Businesses that offer their chief executives unusually large bonuses or option plans have higher bond-default rates and more frequent and deeper rating downgrades than their peers, according to a recent report by Moody’s Investors Service.

Of the 43 companies rated B3 or higher that defaulted between 1993 and 2003, Moody’s found, 22 offered their chief executives much-larger-than-expected bonuses or stock option grants at least once. Of the 214 that experienced “large downgrades” — three or more rating notches within 12 months — CEO compensation was higher than expected in 140 cases. Expectations were measured against a company’s size, past operating performance, industry conditions, and long-term rating.

Among the high-paying businesses that eventually defaulted include Enron and Covanta Energy, the report noted. Both were flagged by the Moody’s model as having high unexplained compensation in six of the seven years leading up to their defaults in 2001.

Moody’s report suggested three explanations for this correlation. First, excessive compensation may be indicative of weak management oversight by boards of directors. Second, large pay packages that are highly sensitive to stock price or operating performance may induce greater risk-taking by managers, which may be consistent with the objectives of stockholders but not bondholders. Third, large-incentive pay packages may lead managers to focus on accounting results rather that business results — in the extreme, enabling an environment that can lead to fraud.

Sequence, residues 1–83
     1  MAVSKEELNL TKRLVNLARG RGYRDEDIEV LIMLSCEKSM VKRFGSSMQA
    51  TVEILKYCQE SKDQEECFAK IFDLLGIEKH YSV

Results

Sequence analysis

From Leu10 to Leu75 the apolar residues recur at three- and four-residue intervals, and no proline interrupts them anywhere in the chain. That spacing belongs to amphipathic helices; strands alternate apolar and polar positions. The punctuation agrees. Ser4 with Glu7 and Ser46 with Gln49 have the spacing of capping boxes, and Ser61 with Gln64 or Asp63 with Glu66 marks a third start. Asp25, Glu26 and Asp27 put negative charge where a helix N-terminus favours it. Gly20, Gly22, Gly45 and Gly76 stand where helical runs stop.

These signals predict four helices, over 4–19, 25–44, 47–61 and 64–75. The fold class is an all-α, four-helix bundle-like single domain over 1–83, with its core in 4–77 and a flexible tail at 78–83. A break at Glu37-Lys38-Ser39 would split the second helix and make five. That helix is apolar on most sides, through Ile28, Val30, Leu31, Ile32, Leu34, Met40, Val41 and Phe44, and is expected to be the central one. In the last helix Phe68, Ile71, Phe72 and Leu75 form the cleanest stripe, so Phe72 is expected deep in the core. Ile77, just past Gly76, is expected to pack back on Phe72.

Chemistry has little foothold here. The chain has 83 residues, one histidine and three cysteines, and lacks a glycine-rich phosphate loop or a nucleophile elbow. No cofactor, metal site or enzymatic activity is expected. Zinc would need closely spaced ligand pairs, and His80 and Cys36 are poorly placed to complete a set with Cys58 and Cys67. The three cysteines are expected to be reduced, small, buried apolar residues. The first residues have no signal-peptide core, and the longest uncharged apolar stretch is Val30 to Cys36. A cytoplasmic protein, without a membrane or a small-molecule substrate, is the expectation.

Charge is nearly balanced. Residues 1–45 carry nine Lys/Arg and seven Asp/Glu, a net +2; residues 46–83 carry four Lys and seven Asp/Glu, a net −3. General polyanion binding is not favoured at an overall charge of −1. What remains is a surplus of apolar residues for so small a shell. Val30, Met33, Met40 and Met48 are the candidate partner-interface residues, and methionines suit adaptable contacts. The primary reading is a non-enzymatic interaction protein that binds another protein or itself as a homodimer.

Christopher Mann, a Moody’s vice president and author of the report, warned against generalizing from the study, however. “The vast majority of the firms under study never experienced a default or a large downgrade,” he said in a statement. “However, looking carefully at compensation — along with other factors — may help to highlight the effectiveness of a firm’s governance practices.”

Moreover, as a result of changes to the accounting of traditional stock options, more companies are shifting some executive compensation toward restricted stock and performance shares, which may better align management’s interests with that of shareholders.

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